By Sara Barker and Azure Security News
When online education provider SimTutor experienced a major uptick in growth, it found that many customers – especially healthcare education firms in places such as the United States – were concerned about the security and privacy of student information.
SimTutor provides a software-as-a-service (SaaS) solution designed for online healthcare education and e-learning content creators.
With a small team and a global pandemic causing a huge surge in online learning, the company realised that with growth comes many more sales and customers, all of whom need to be protected with more robust cybersecurity.
The company had also been running its services on Microsoft Azure for the past eight years, with support from Azure Security Center over the last six months.
This growth came, in part from COVID as online learning became the primary way of continuing education online. For SimTutor, it meant the company experienced a spike in product adoption, with traffic levels across the company’s Azure infrastructure spiking a whopping 20x above normal levels.
COVID, and the rapid rush to online services, provided SimTutor with a timely reminder about the importance of security.
Last year SimTutor and its US-based auditor embarked on a mission to achieve SOC-2 Type II security certification, all whilst managing a busy service period.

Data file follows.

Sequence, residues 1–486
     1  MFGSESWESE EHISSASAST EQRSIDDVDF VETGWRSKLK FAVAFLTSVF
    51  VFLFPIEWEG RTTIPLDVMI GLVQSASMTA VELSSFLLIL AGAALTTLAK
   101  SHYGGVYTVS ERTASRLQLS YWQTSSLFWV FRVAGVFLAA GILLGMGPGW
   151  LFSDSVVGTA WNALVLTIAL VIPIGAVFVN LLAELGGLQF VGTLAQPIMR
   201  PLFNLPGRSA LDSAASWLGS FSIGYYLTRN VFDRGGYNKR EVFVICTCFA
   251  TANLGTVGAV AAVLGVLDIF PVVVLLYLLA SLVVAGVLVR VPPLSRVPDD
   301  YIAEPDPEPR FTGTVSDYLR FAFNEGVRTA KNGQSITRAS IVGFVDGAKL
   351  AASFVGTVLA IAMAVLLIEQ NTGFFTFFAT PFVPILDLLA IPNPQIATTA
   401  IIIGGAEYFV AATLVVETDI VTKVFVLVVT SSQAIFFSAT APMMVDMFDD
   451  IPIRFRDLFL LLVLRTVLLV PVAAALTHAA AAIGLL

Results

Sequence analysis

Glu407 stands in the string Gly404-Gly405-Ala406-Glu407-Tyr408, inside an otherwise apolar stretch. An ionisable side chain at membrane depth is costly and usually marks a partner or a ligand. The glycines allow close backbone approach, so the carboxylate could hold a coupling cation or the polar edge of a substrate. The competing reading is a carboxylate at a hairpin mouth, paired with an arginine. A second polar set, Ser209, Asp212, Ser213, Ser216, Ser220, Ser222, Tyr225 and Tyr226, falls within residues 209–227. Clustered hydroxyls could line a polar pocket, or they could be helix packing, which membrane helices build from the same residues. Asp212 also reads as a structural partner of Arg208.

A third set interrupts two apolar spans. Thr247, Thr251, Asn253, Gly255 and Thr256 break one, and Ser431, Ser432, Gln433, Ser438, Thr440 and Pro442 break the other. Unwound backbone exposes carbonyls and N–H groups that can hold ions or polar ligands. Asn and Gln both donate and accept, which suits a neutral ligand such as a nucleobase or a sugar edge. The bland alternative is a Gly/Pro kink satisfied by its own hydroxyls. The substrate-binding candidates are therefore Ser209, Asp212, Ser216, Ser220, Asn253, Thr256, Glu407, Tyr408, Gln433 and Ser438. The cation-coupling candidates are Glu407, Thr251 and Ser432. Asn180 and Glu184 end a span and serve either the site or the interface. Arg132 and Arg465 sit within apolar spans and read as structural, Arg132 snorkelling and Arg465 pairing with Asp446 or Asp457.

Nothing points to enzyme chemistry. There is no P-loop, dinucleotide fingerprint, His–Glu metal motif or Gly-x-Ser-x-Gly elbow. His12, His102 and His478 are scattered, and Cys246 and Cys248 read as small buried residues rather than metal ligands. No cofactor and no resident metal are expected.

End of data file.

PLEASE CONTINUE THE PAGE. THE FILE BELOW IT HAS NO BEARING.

SimTutor’s first step was to understand its security strong points and weak points so that it could build a path to strengthening its security posture.
The company selected Pattern, an Auckland-based IT services firm that has worked with some of New Zealand’s most recognisable customers such as Bay of Plenty Regional Council, Coastguard, Hutchwilco, and TR Group.
SimTutor worked closely with Pattern’s team to ensure all of its Microsoft Azure cloud infrastructure was properly configured and secured in line with the SOC-2 Type II audit standards.
Pattern used Azure Security Center to identify and remediate weaknesses in its infrastructure, ultimately achieving compliance within just three months.
Pattern cofounder and director Jamil Geor explains, “By using Azure Security Center, we were quickly able to identify what work needed to be done in order to achieve audit compliance, and once we had achieved those goals, we were able to get through the audit process in a fraction of the time that it would typically take an organisation.”
Geor says that every business needs to consider their current cybersecurity position – and it’s something that needs to be regularly assessed and actively managed.
“I think a lot of small- to medium-sized businesses shy away from taking a more active approach to the security of their organisations, and I think that is a lot to do with perceived costs associated with running a full-scale security program. The reality is that taking some basic steps to improve an organisation’s security position doesn’t need to be expensive, and the cost of not doing anything can be devastating to a business.”
Pattern created a free cybersecurity assessment tool to help organizations identify what their current security position looks like, as well as what steps they need to start looking at to fill the gaps.
“Once a company has completed the survey, they will also receive a free one-on-one consultation to talk through their results.”